In a portent of things to come: when the home plate umpire hands a ball to the White Sox catcher, he drops it.

2nd inning

Paul Konerko's batting mannerisms would not have been tolerated a generation ago. When he comes up - with Carlos Lee on second and nobody out - he pinwheels his bat repeatedly, and then points it towards the mound until the pitcher goes into his set. Can you imagine what Bob Gibson would have done, had somebody indulged in such histrionics against him?

Nice play by Orlando Hudson: on a sharply hit grounder to second, the O-Dog catches Lee wandering off third, freezes him, and then runs right at him. I like the O-Dog: he hustles, and he thinks out there. Attention, Jays' marketing mavens: publicize this man.

In the bottom of the inning, Josh Phelps hits a perfect double-play ball to short, but second baseman D'Angelo Jimenez throws the relay into the first-base stands. Error #1 for the Pale Hose. I wonder: what do D'Angelo's friends call him? D'Ang? Angel? Angie? D? Skippy?

Between half-innings, I spot somebody with his head buried in a fold-out map of Toronto. Yo, dude: you're not going anywhere for a while. The Jumbotron advertises the Jays' Father's Day promotion as "Sleep on the field with you Dad". Better work on you grammar, there.

In the bottom of the second, SkyDome security catches a fan drinking an illicit can of Barq's Root Beer. The fan's face is completely covered in pimples, so perhaps this is a mercy confiscation.

3rd inning

With one out, Skippy Jimenez lines a shot off Lurch's knee. Ow. Lurch stretches, flexes, throws an experimental pitch, confers with management, looks slightly less bemused, waves everyone off, and receives applause. He then serves up a double on his first pitch to Graffanino. Sox up 2-1.

From the fifth deck, you can see the following: the CN tower; more condominiums; the Bank of America building. Welcome to 21st century Toronto.

As the bottom of the third is about to start, the Jumbotron displays a shot of noted sportsbabe Jody Vance, who is in attendance. Possibly concidentally, the PA music is the Commodores' "Brick House".

Why are the Jays at home on Memorial Day and away from home on Victoria Day? This happened last year too. If the owners are trying to greedily corral every last available dollar, why don't they fix these simple scheduling mistakes?

4th and 5th inning

By now, Chicago pitcher Mark Buehrle has settled into a comfortable routine, serving up ground ball after ground ball. The only high point of the middle innings is the top of the 5th, which is The Woody Show: Woodward catches a liner for the first out, ranges to his left to field a ground ball for the second out, and goes deep into the hole to collect the third out. Yay, Woody.

Portent #2: In the 5th inning warmup, shortstop Graffanino tosses a ball way over his first baseman's head.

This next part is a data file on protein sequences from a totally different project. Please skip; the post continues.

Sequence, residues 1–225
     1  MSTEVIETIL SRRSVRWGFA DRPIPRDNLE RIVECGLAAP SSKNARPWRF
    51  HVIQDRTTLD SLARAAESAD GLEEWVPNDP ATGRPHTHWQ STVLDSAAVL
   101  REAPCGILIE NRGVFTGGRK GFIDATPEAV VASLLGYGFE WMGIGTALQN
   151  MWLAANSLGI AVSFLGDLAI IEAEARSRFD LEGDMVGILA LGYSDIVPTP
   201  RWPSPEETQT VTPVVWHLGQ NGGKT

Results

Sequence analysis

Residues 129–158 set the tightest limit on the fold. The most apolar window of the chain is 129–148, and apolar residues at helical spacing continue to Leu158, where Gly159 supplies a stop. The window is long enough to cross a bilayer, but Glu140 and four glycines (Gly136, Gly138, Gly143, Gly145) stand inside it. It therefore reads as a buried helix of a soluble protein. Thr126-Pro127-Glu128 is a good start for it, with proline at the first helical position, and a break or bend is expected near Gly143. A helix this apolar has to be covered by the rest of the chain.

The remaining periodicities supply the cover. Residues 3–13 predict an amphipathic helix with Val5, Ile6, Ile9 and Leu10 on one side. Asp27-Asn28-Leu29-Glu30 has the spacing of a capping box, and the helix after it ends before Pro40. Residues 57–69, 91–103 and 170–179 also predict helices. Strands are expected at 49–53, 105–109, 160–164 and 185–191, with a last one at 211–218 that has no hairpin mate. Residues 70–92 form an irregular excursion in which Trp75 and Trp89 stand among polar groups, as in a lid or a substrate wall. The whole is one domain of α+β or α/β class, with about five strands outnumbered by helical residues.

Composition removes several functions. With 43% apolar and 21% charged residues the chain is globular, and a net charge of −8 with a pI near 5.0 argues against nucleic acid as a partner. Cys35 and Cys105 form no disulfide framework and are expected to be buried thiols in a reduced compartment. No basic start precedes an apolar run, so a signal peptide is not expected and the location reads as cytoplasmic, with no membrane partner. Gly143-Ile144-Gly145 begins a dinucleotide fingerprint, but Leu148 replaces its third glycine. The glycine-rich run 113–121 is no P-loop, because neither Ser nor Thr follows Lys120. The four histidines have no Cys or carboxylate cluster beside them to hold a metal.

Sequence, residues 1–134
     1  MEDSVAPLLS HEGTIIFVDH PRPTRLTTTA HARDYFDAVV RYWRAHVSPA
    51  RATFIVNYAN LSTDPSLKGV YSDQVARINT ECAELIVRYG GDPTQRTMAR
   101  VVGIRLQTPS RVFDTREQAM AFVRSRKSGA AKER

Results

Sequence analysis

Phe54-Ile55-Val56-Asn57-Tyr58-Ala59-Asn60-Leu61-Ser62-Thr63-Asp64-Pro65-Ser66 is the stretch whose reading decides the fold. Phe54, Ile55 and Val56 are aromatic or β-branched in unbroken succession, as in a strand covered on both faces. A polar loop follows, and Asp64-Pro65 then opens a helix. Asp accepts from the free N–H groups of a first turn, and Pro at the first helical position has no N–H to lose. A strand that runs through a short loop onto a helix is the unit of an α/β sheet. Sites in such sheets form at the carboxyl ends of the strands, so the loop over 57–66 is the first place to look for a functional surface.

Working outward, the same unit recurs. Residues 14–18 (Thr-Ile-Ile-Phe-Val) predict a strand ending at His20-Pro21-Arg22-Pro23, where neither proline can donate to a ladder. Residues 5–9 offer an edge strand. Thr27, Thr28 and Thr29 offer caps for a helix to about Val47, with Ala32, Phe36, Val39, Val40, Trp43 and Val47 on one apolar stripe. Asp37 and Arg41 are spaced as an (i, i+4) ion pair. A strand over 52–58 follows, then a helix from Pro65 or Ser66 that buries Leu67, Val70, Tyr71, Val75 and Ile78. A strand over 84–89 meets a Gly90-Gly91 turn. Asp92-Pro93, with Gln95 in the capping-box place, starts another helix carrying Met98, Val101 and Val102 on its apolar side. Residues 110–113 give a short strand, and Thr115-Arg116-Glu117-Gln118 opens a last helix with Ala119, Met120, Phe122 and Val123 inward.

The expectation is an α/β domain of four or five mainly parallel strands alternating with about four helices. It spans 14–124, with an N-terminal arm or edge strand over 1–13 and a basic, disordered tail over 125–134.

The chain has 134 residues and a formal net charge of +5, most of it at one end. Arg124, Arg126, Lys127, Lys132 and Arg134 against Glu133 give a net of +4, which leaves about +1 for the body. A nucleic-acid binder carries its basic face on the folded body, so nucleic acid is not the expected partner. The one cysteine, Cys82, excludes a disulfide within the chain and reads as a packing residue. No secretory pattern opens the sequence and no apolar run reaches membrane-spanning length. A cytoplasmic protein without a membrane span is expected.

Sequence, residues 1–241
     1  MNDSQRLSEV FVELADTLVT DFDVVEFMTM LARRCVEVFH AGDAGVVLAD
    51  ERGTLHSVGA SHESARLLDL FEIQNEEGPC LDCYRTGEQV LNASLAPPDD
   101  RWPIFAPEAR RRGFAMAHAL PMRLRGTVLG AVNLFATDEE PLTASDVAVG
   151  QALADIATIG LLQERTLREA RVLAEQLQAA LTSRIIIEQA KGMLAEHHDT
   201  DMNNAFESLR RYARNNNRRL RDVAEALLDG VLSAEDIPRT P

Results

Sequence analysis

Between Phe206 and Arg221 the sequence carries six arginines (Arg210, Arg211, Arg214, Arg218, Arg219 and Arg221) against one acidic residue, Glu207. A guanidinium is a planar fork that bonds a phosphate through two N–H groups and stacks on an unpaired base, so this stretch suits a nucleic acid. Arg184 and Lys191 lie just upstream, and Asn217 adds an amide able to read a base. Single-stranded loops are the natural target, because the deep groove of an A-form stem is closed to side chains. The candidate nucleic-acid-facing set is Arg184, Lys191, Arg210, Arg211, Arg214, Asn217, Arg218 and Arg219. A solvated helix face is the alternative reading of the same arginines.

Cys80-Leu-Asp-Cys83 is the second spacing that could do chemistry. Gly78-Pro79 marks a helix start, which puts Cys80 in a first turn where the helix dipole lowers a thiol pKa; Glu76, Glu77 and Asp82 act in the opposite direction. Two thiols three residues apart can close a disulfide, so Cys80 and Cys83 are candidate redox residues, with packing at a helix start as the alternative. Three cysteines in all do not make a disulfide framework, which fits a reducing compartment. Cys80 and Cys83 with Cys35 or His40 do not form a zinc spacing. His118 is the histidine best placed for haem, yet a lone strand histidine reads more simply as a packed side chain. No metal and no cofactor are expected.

In the bottom of the fifth, an expert fan and his friend take seats about three rows behind me. The expert's wealth of detailed knowledge is frightening to me (and I'm an obsessive fan and charter member of the ZLC). He starts off by pointing out that, in yesterday's game, there were 300 pitches and 68 fouls. He then makes a valid point about the Jays' Wall of Excellence: why is Joe Carter listed as having played until 1996, and Cito Gaston listed as having managed until 1997, when Gaston was fired before Carter left the team? And why isn't Stieb's comeback year on his banner?

6th inning

Trivia question, from the fan three rows back: name the seven Johnsons in Jays history. (The answer: Tim, Jerry, Reed, Cliff, Joe, Dane and Anthony. No way I would have remembered Dane and Anthony.)

One helpful feature of the new scoreboard: before every half-inning, it provides a pitch count for the starting pitchers. Unfortunately, it's not always accurate: Chicago's Buehrle is listed as having thrown 55 pitches after four, and 55 pitches after five.

Fascinating Chris Woodward fact: he has five three-hit games this year, and 34 hits in total. Nearly half his hits are in three-hit games. (He winds up getting three hits today too.)

The problem with getting batters to hit the ball to your fielders is that your fielders have to be able to actually field. This unwarranted assumption proves Buehrle's undoing in the sixth. Woodward hits a grounder up the middle for a hit, Johnson's double-play ball to Graffanino is booted, and Catalanotto's soft fly to left is mangled by left fielder Carlos Lee. When Vernon Wells walks, the Jays have the bases loaded, nobody out, and one run in despite not actually hitting the ball hard at all. Buehrle comes unravelled after that, and the Jays wind up with five runs.